Project X Zone (3DS) Review
Almost any cross over game / movie / whatever is bound to have some kind of flimsy story tying together all of these worlds and Project X Zone is no different. The year is 20XX AD (I don’t really know what that means either) and the world is in the middle of a “quiet chaos”. Mysterious dimensional portals are appearing randomly, connecting different worlds through different times. This all started happening, apparently, when the Portalstone, a treasure of the Kouryuji Family, is stolen. Mii, a member of the family, enlists private detective Kogoro to help locate the stone.
And seriously, that’s probably all you really need to know about the Project X Zone story to get a kick out of it. The game’s story is nonsensical, overly verbose, and does it’s best to explain reasons for why the characters from Dead Rising might be philandering with those from Tales of Vesperia. It’s a very, very obtuse narrative that doesn’t do much for pushing the game along. This is in a very stark contrast to the dialogue, however, which is incredibly well written. Characters make fun of the tropes and conventions of the games they appear in, and exude a kind of self-aware quality. It’s all very bizarre and yet somehow seems to work well given the context of the game. There’s some questionable dialogue that is clearly “only for Japan” but otherwise the game has a poorly written narrative with some cleverly written dialogue. A strange dichotomy, at best.
Project X Zone is basically an RPG game without the emphasis on micro-management of statistics and no in-between filler. That’s right, the entire game is battles and there’s very little to do here besides battle. There’s a good reason for this, you could argue – Project X Zone is pretty much Fanservice: The Game. The idea of the game is to play through it, appreciate the jokes, environments and interactions between favourite characters from your favourite series. That’s pretty much it! So to remove all of the in-between elements of an RPG kind of allows the developer to skip over time developing an inconsequential plot and get right down to the nitty gritty of the game – actually playing it.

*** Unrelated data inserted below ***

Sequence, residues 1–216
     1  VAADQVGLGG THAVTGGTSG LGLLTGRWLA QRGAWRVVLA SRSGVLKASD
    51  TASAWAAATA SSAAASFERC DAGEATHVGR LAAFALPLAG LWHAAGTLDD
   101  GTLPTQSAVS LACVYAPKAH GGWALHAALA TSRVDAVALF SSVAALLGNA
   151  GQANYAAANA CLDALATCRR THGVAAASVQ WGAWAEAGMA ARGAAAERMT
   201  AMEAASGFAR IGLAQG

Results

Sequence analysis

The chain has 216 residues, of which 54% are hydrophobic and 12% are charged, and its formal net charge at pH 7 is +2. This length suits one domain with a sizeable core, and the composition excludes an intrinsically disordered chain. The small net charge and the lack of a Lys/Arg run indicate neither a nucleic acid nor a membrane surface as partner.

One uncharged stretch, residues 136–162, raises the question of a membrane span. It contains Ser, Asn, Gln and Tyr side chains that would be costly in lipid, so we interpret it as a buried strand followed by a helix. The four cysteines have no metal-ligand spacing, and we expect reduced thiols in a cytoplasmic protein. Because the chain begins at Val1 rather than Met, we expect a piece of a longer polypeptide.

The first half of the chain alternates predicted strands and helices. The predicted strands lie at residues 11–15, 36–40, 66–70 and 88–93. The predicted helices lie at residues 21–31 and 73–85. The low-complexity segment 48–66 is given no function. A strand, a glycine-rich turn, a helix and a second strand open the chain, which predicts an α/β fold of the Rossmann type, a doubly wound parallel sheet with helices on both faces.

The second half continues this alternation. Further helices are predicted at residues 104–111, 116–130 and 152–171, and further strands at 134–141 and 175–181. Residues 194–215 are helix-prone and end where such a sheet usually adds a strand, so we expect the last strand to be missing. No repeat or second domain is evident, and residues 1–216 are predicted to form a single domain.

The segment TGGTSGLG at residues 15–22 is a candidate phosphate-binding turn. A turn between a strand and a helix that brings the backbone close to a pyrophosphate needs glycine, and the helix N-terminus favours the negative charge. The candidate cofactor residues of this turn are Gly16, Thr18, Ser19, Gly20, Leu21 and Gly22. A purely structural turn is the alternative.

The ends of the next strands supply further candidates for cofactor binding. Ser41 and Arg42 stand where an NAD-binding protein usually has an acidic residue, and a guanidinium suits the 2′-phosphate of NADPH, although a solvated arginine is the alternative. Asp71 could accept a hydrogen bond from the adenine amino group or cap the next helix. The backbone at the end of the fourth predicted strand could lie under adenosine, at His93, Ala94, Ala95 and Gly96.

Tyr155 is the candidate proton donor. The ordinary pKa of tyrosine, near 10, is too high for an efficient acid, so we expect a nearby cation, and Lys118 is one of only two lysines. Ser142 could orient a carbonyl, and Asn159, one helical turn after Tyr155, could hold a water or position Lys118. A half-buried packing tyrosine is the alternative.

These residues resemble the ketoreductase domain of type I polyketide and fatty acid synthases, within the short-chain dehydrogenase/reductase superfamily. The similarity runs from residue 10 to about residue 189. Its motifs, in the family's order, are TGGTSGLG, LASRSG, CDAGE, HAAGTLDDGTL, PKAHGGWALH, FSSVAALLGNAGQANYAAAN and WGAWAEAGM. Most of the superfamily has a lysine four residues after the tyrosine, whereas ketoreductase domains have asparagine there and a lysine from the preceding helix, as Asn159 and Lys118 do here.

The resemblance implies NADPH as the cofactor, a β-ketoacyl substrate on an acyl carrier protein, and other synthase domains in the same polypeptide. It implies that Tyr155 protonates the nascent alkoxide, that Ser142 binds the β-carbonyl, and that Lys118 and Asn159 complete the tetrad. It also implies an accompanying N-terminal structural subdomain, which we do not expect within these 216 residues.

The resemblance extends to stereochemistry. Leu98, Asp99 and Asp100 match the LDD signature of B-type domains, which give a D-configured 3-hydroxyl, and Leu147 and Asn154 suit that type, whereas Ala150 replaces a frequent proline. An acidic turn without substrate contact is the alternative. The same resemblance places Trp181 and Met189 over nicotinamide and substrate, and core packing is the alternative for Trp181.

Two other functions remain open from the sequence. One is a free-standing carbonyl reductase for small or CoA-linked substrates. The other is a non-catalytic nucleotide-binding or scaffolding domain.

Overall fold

The game is a typical strategy RPG – the battle field is divided into a grid, and players move across them and attack enemy units. During this phase of the battle, players can use skills as well as launch attacks on the enemy. Skills are a nice inclusion but the game is so easy that players will barely have to use them throughout the games forty or so chapters. When being attacked, players can also choose to sacrifice some of their Cross Gauge (confusingly named XP in the game) to either defend an attack, completely nullify it’s damage, or counter with one “round” of attacks once the enemy is done with its turn. Doing nothing is also an option, and allows players to build up their Cross Gauge to use in battle.
Battles themselves are set up just like a traditional fighting game, with both sides of the battle on either end of the screen. Up to three attacks can be input from three options – and using each one once within the same battle moment allows a fourth one to be input for maximum damage. To add to the frenetic nature of the game, a third character can be attached to each fighting pair to provide “support” for the player and even a neighbouring character pair can be called upon to join in too. This means you can have anywhere up to five characters on screen at once, dealing out damage and creating a frenzy. It’s an incredibly simple and yet rewarding battle system that doesn’t require a lot of skill to properly utilise.